Macs tend to fare second best in Consumer Reports testing, partly because the magazine lives in ignorance of the differences between Apple’s computers and Windows boxes. But they’ve always been recommended, until recently. I can quibble about the way the tests appear to emphasize features over performance, usability and reliability. In fact, I have.
But it took a poor rating by CR to trigger a dialogue that revealed a serious flaw in their testing. The tests also triggered an obscure bug in Safari for macOS Sierra that might otherwise have remained undiscovered and unfixed.
It all started when CR reported wildly divergent battery life results, ranging from 3.75 hours up to 19 hours over three tests for each product. The latter is way more than Apple’s estimates, which range up to 10 hours.
Now all three MacBook Pro models exhibited similar behavior. A clue that something might be amiss was the fact that CR uses the default browser, in this case Safari. When the tests were rerun in Google Chrome, battery life was within acceptable limits.
Now Apple usually ignores test results from the media, but not CR, which has a circulation of millions of consumers and is highly influential when readers make buying decisions. A bad rating can kill or seriously hurt sales of some products. It can also accomplish good things, such as when an auto manufacturer has to go back and modify a faulty suspension system that might cause a rollover during a rapid maneuver to avoid an accident.
This time, Apple was in the hot seat. Even though a number of owners of the new MacBook Pros have reported an assortment of battery issues, CR’s results were unique. The inconsistency didn’t make sense, and thus marketing VP Philip Schiller posted a tweet — the new normal for getting the word out nowadays — saying that the results didn’t jibe with Apple’s own field tests. Apple was working with CR to figure out just what was going on.
Now CR’s tests are intended to be consistent from notebook to notebook. It involves downloading 10 sites from the company’s in-house server until the battery is spent. So just what was going on here, and was the test deliberately designed to leave Safari — and Macs — second best?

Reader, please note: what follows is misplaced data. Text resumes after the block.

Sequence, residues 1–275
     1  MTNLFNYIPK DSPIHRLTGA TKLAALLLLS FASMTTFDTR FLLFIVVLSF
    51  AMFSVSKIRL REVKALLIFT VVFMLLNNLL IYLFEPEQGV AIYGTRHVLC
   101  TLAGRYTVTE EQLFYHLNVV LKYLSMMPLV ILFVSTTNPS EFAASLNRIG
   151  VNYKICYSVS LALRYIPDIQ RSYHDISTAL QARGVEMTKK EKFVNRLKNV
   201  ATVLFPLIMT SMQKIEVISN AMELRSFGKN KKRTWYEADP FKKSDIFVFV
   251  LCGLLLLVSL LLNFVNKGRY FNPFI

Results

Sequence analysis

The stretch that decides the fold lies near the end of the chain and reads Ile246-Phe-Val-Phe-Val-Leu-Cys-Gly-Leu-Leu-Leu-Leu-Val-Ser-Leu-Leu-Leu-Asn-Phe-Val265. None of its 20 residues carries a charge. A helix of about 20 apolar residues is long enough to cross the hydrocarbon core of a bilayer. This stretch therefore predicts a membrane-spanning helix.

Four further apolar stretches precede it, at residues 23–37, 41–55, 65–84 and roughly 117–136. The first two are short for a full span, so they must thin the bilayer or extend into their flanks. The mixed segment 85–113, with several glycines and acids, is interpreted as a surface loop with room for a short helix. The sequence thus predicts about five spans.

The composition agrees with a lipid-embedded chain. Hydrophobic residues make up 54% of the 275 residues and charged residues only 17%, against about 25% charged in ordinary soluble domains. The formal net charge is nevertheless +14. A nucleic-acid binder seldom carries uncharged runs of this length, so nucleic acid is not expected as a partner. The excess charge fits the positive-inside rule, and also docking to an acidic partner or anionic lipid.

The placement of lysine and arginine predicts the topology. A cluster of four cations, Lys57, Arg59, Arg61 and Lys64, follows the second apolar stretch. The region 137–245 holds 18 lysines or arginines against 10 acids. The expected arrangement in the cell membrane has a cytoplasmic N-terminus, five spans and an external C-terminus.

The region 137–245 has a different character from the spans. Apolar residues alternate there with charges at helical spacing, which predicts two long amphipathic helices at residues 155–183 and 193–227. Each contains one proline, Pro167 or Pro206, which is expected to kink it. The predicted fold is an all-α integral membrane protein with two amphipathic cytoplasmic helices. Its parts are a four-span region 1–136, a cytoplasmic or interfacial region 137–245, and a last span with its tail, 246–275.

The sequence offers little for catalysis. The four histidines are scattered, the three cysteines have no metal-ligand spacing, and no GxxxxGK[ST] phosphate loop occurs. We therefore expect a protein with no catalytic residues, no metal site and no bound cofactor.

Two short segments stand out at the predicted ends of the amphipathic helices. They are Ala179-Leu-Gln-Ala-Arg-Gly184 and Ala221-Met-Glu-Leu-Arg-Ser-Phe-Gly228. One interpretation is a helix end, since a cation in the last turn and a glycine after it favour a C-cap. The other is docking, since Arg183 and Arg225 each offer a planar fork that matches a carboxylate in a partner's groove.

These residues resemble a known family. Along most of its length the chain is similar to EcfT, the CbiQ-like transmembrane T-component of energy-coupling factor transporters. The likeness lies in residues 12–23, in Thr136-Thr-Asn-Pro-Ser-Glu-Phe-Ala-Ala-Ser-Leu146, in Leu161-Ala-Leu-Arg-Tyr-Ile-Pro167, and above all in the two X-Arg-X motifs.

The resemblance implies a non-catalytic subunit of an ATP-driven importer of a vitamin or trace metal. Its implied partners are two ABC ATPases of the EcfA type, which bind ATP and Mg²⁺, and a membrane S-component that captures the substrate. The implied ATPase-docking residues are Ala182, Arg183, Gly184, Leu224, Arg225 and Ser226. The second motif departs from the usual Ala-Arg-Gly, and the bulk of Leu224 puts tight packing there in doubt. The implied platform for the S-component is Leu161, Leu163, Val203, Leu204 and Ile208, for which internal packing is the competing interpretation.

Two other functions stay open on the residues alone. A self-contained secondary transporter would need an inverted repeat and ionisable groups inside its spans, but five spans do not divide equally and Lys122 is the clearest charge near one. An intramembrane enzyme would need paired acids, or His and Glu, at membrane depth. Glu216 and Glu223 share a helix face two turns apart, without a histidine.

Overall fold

Well, that’s debatable, but to achieve consistent results, CR turns off caching on a browser. With caching on, the theory goes that the sites would be retrieved from the local cache, which presents an anomalous situation since different computers — and operating systems — might do it differently. On the other hand, it would also be using the computer normally, not in an artificial way. CR’s excuse, by the way, is that the test sequence puts greater stress on the battery: “This allows us to collect consistent results across the testing of many laptops, and it also puts batteries through a tougher workout.”
But how can such a test possibly produce results that in any way reflect what a typical user would encounter? After all, normal users might check a site several times a day, rather than constantly bring up new uncached sites. While all notebooks are being evaluated the same way, it’s a curious choice. Unfortunately, CR would have to go back and retest hundreds of computers to switch the testing scheme.
On Safari, caching is switched off via a seldom-used menu bar command, Develop, which is available in the apps preferences under the Advanced category. Clearly this is not a feature most users will ever use — or even know about. I use it to access the “Show Page Source” command from the context menu when I’m examining a site’s coding.
Now I suppose using a non-standard test scheme of this sort shouldn’t have had a disastrous effect, but it did. It seemed that the action triggered an obscure and inconsistent bug in Safari. With caching turned off, logos would reload, thus unnecessarily taxing the battery. It’s a bug that Apple discovered and fixed in the latest beta for macOS Sierra 10.12.3. You can download it if you’re a public beta tester or developer, and it will be made available for general distribution in a few weeks.
In the meantime, CR has accepted Apple’s findings: “According to Apple, this last part of our testing is what triggered a bug in the company’s Safari browser. Indeed, when we turned the caching function back on as part of the research we did after publishing our initial findings, the three MacBooks we’d originally tested had consistently high battery life results.”
It would have been nice if they said that before the review appeared, because that clearly indicated there was some sort of software issue that might be unnecessarily impacting the tests in a way that customers wouldn’t encounter. In other words, it’s an admission the test was unfair, and that the results didn’t in any way reflect a normal use case. After all, CR is testing a notebook’s battery life, not the capabilities of the default browser to render pages without caching.
In any case, CR is retesting the MacBook Pros with the revised macOS, and it shouldn’t take more than a few days to deliver the results. Assuming battery life is normal, the rating will be changed accordingly, and the new notebooks will be added to the recommended list.
Of course, CR should have realized something was amiss as soon as the battery life normalized with caching on. They could have reached out to Apple before the results were published for clarification. As it was, CR got a boatload of publicity for its decision not to recommend the MacBook Pros. Of course, that result will soon be changed if all goes well.
Will CR learn a lesson from this debacle? Probably not. After all, few companies would dare protest a bad rating. Indeed most companies who build products that don’t past muster probably deserve it.
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